“We’re taking this concept to the limit,” Crisp said. “We’re going to start hiring young people to deliver newspapers again, and they will be knocking on doors to collect cash money from subscribers. We also intend to hire newsboys and newsgirls to hawk papers on street corners. We’d like to have at least one of these little salespeople in every town in the region with a population over 1,500.”

Crisp also said that preliminary discussions with potential advertisers have been “surprisingly positive.”

“As just one example,” he said, “AMC Theatres were so excited by the concept that they have tentatively committed to heavy investment in print advertising, including regular full-page ads for the latest blockbuster movies.”

Kemmick said the purchase grew out of his failed attempt to end his subscription to the Gazette.

“After the latest rate increase, I tried calling the Gazette to cancel my subscription, but I was immediately put on hold,” Kemmick said. “This went on for 20 or 25 minutes. I almost lost my mind, and I finally hung up.”

Kemmick said he was so exasperated by the experience that he set up an appointment to speak with Gulledge, whose second-floor office has a commanding view of the Gazette’s large and frequently flooded parking lot.

“I was just going there as a former employee,” said Kemmick, who spent the prime years of his manhood as an editor and reporter for the Gazette. “I really wanted Mike to know how much trouble I’d had trying to cancel my subscription.”

Once the two media magnates got together and the talk turned to the future of the industry, Kemmick laid out his vision for what the Gazette could become, under the right owner.

Gulledge was, in his own words, “blown away.”

“Kemmick sees a shift coming,” Gulledge said. “He’s convinced — and now so am I —that readers in this region are just fed up with the internet and want to go back to simpler times, when you sat down with a great big hard-to-fold newspaper and just read the damned thing without a thousand and one distractions.”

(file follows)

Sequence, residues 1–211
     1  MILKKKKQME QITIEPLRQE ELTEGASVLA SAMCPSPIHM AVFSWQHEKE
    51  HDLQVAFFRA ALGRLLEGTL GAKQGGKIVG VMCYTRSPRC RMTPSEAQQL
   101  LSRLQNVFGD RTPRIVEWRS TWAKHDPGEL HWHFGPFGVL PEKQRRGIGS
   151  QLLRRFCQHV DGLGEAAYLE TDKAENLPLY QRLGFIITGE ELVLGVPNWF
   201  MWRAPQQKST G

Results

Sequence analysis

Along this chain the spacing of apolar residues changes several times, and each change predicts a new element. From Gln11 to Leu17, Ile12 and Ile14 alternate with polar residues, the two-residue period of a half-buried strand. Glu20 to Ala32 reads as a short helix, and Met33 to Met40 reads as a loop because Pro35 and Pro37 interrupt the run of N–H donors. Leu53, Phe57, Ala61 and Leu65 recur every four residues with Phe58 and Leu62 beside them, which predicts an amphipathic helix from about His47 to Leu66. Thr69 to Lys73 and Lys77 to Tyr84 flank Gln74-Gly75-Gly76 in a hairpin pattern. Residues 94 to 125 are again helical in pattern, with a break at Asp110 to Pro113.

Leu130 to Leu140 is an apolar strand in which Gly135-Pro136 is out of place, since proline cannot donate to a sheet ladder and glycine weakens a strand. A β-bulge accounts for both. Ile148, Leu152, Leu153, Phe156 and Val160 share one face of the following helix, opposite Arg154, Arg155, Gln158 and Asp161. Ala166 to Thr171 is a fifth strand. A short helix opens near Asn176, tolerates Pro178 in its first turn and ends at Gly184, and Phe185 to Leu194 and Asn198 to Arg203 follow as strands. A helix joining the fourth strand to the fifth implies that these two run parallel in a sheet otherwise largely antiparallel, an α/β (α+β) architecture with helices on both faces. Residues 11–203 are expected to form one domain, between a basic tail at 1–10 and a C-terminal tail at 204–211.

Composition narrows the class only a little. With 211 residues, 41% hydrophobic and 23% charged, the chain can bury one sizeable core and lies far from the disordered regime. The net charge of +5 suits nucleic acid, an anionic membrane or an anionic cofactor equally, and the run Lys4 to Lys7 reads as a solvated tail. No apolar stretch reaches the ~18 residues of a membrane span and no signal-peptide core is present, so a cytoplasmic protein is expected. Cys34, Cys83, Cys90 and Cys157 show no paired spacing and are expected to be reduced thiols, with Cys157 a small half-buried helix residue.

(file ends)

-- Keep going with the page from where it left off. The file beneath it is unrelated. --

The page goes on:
Dennis Swibold, a newspaper historian and media analyst at the UM School of Journalism, said Kemmick and Crisp — who have been dismissed as “dotards” by some media watchers — are likely to silence critics by the sheer boldness of their concept.

“It’s an idea whose time came and went and is now coming back again,” Swibold said. “It will be interesting to watch the markets on Monday. This development is going to come as a shock to Craigslist and Amazon, among many others.”

Kemmick said the shift back to print-only could be just the beginning of an overdue revolution in the way news is produced and delivered.

“We’re thinking pretty seriously about allowing cigarettes, or at least e-cigarettes, back in the newsroom,” Kemmick said. “You have to balance reasonable health concerns with the widely acknowledged benefits of heightened creativity and the ability to concentrate.

“After that, who knows? I can almost see the day when we return to green eye shades, real film in cameras and” — Kemmick paused to wipe away a tear — “manual typewriters.”